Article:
Blackstone Bows Out, Playing
Silver Lake's Tune
By Liz Hoffman
Law360, New York (April 19, 2013, 5:59 PM ET) -- And then there were two.
Group LP dropped out of the bidding for Dell
Inc. on Friday, leaving Carl Icahn as the only challenger to
Silver Lake Partners' $24.4 billion buyout offer.
The way it did so — claiming it could find no more value in the struggling
PC maker than Silver Lake already had — likely boosts Silver Lake's
prospects and could even give the firm grounds to reopen negotiations at a
lower price, attorneys said.
In a letter sent to Dell's special board committee, Blackstone cited the
Texas-based company's "rapidly eroding financial profile," noting it was
particularly troubled by a 14 percent decline in computer sales, Dell's
biggest quarterly drop ever and out of whack with internal management
projections. Dell's operating income — a key metric for private equity
firms looking to load a company up with debt — was recently slashed from
$3.7 billion to $3 billion for the current fiscal year.
Blackstone had made a preliminary bid during Dell's go-shop window. It
said it might be able to pay more than $14.25 per share, and envisioned
rolling over some of the company's existing shareholders.
"It seems like Blackstone got in there and did due diligence, and what
they saw really spooked them," said one New York attorney, who asked not
to be identified because of ties to the parties. "Either way, it plays
into what Silver Lake and Michael Dell have been saying all along."
That mantra has been that the current $13.65-per-share offer fairly values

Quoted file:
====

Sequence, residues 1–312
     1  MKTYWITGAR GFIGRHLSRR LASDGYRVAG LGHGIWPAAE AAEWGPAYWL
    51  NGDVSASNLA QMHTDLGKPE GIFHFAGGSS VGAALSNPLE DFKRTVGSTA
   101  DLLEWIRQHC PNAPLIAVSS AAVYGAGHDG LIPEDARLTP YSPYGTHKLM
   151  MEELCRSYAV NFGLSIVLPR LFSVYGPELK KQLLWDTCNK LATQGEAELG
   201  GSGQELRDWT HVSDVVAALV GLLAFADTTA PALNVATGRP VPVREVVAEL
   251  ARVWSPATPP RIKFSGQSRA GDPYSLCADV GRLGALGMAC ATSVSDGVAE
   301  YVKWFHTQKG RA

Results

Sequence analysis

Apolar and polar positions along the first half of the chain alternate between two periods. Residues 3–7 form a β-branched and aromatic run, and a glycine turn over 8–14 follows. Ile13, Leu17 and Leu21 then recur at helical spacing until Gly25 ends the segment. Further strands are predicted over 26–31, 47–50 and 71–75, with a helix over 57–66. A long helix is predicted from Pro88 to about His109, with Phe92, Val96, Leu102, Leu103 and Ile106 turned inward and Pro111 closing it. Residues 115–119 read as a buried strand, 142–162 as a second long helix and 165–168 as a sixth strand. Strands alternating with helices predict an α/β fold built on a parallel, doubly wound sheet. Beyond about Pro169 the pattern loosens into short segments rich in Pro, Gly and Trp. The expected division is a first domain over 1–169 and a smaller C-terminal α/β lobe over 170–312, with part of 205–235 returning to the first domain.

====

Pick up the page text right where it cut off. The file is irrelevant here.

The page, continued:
Dell's future earnings potential. Silver Lake has stressed — sometimes too
much, the deal's critics have said — that Dell's slumping PC business has
eroded more quickly and sharply than expected.
A second lawyer, not involved in the transaction but familiar with
Blackstone's deal-making strategies, said the reputational damage of the
firm's short-lived bid pales in comparison with getting wrapped up in the
antics of Icahn and Southeastern Asset Management Inc. Both have pledged a
long fight against the Silver Lake bid, including a proxy contest,
litigation and exercise of their appraisal rights.
"If you're Blackstone, you don't want to lose a public fight," the lawyer
said. "If you walk away now, you can blame it on the company and live to
fight another day."
It's also worth noting that Blackstone had little on the line. Its
transaction expenses up to $25 million are being covered by Dell, part of
the special committee's efforts to run a robust go-shop period.
"Easy in, easy out," the second lawyer said. "It might be worse to end up
in a three-ring circus with Carl Icahn. Blackstone is good at finding good
deals, and they'll find another."
Indeed, Blackstone has stoked speculation in recent days that it may have
its eye on something else. The investment firm's president, Tony James,
told reporters earlier this week that Blackstone is "serious about tech"
and that the sector is a "rich hunting ground for private equity." He also
said that he expects technology companies to grow at a faster rate than
the economy as a whole.
The recent hiring of Dell's former mergers and acquisitions chief Dave
Johnson earlier this year has expanded Blackstone's industry team.
Others were more cynical about Blackstone's bow-out. The Shareholder
Forum, an organization that promotes open information for investors, has